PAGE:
post #7 of 12
Cats and kids, hmmm. My kids were 7 and 8 when I got Squirt. They were never ever mean to him, but as he was their first pet, he was extremely curious. They followed him everywhere. If they had their way, they never would have given him a minute's peace. As a result, he never really bonded with either of them. By the time Joey came along, having a cat was no longer a novelty, so they all bonded better. I found it tough to juggle the natural excitement and curiosity of the kids with the needs of the kitten.
post #8 of 12
I don't usually place kittens with children under five because I feel parents oftentimes allow their children to harass the poor kitten. Your son needs to be taught now that no is no and if he persists in hurting the kitty, he needs to be put in a time out and not be allowed near the cat. When my kids were little they didn't always understand about being nice to kitty and I cut them no slack - punishment was swift. They learned real quick how to be nice. Many breeders I know will not sell their kittens to anyone who has young children for the same reason - please be firm with your son now and your kitty will thank you for it.
post #9 of 12
Donna -

I definately agree with your comment about boys and the abuse of animals. I think this is a reflection of many of the things that are wrong with our society. And it's terribly sad.

However, I don't think we could make a blanket statement that young boys, toddlers even, should not have young pets. There are a lot of parents that have young children who want to get young pets, kittens and puppies, so the animal can grow up with the children. From what I've heard, animals are generally more comfortable with behavior that they've been around since they were young; they're more likely to accept the occasional rough betting or loud playing of children if they've always been around it. I personally would be afraid to adopt an adult cat or dog without knowing its history simply for this reason. (If I didn't have young kids, I'd definately pick an older pet!)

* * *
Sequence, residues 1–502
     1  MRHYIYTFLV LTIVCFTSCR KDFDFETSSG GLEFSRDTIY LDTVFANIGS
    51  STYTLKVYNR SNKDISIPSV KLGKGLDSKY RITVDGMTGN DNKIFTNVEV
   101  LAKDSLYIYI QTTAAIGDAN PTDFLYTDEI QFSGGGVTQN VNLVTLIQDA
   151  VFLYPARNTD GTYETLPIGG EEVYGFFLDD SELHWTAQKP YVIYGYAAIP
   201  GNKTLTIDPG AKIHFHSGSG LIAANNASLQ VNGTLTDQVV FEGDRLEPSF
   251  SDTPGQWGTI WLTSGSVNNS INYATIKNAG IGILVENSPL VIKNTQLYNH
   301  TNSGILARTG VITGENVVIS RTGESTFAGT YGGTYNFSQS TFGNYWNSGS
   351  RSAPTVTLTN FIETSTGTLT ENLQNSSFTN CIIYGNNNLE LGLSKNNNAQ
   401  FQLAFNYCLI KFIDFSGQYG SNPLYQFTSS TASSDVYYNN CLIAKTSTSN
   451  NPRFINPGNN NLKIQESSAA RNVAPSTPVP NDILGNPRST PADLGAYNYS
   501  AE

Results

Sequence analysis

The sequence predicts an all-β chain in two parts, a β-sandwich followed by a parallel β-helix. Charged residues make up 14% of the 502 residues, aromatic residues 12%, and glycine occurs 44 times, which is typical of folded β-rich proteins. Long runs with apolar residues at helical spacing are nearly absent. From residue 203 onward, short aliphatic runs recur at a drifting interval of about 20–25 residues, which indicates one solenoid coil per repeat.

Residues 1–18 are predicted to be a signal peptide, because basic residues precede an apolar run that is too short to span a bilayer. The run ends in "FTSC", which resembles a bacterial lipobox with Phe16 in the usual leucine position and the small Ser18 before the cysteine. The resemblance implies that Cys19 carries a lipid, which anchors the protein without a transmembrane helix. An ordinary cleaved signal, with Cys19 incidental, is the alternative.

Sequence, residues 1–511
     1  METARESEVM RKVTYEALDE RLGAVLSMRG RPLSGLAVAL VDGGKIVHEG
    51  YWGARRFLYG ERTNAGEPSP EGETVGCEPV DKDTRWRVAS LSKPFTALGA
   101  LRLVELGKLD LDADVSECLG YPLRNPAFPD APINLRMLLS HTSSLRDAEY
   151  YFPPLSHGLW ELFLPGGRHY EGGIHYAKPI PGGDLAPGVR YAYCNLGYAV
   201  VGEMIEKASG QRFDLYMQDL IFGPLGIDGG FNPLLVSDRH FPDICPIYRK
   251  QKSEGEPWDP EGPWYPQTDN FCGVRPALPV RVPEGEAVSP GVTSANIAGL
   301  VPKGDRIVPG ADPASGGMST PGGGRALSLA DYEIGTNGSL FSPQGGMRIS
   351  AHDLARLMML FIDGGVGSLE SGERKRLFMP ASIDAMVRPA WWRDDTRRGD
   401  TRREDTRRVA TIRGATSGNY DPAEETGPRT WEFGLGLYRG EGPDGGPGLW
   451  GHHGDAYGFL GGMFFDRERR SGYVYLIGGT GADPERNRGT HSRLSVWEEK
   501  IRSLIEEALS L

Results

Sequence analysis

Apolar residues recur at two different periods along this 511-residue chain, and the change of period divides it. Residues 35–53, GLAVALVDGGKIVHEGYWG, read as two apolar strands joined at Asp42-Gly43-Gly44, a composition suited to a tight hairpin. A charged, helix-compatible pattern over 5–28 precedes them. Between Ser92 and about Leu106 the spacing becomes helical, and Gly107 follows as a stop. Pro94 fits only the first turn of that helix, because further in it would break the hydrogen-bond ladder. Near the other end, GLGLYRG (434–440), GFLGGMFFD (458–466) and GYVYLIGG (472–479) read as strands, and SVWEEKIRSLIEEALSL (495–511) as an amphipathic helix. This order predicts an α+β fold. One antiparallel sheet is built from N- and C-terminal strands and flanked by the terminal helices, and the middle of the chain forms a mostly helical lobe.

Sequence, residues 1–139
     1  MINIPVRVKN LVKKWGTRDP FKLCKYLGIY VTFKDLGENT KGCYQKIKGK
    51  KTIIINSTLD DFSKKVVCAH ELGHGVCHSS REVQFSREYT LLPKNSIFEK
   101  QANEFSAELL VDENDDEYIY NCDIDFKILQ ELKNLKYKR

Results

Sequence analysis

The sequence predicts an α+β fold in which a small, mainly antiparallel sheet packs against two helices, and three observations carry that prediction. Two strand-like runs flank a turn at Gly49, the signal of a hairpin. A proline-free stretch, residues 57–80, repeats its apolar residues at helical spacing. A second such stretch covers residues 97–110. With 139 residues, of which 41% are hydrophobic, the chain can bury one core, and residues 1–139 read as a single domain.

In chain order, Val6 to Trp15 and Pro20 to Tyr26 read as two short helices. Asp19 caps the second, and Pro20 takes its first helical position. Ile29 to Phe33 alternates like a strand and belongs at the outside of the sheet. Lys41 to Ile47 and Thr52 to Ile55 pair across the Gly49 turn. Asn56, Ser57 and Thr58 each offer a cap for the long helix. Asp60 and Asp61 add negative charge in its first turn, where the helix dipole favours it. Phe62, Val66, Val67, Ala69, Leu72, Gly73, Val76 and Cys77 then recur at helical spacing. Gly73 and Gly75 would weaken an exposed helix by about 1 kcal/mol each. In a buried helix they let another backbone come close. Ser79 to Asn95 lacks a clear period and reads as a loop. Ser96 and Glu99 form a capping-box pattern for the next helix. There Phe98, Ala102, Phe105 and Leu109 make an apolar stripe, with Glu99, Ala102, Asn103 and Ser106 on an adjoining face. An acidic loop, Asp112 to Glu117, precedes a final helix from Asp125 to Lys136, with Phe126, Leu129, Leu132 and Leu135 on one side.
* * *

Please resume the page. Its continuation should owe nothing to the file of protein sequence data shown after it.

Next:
Saying this, I think it is 100% the parent's responsibility to make sure that the children treat their pet well and teach them what's acceptable and what's not. In my house, this means that my children are always supervised with Muffy. We got Muffy when she was 8 weeks old, and never had any problems. But like I said, it's up to the parents.

Anyway, just my 2 cents...

post #10 of 12

I agree with you 100% that it is the parent's responsibility to teach their children respect for all living things. I guess I got a little annoyed at Alicia because she just didn't seem to get it. : She's having a problem with her 3 year old and now wants to get another kitten. That's why I told her to wait till the kid gets a little older.

As far as males always being the ones that abuse animals, that's what it seems like to ME. Every story I ever read about animal abuse involved a male (be it boy, teenager or grown man). I am sure there are women out there as well who abuse animals.

I appreciate and respect your opinion.


post #11 of 12
Thank you Donna. I think we agree about this more than we thought. Unfortunately, I think a lot of the problems today have to do with lack of parental supervision. Abuse to animals is only one of them. My goal is to teach my children to respect all living creatures, people, animals, everyone. After all, God made us all and loves everyone.

post #12 of 12

Lack of parental supervision has alot to do with it. These days (and I am NOT pointing fingers at anyone, just expressing my opinion) it is necessary for both parents to work thereby leaving the kids alone after school. It happened with my parents. But back in those days I was supervised by my grandmother who lived close. Kids who have alot of time on their hands can get into trouble.

I remember when my parents punished me for one reason or another that I would only understand why when I had children of my own, and by God they were right!

Another problem is children being in single parent homes where the parent has to work 2-3 jobs to make ends meet leaving the kids home alone alot more. It's too bad. I was one of those parents. I worked as a secretary during the day and from 6 p.m. to 6 a.m. I worked as an EMT on an ambulance while my aunt babysat for my daughter who was only 2. She is now 25 and is every parents dream in that she doesn't smoke or do drugs and treats people and things, including animals, with respect.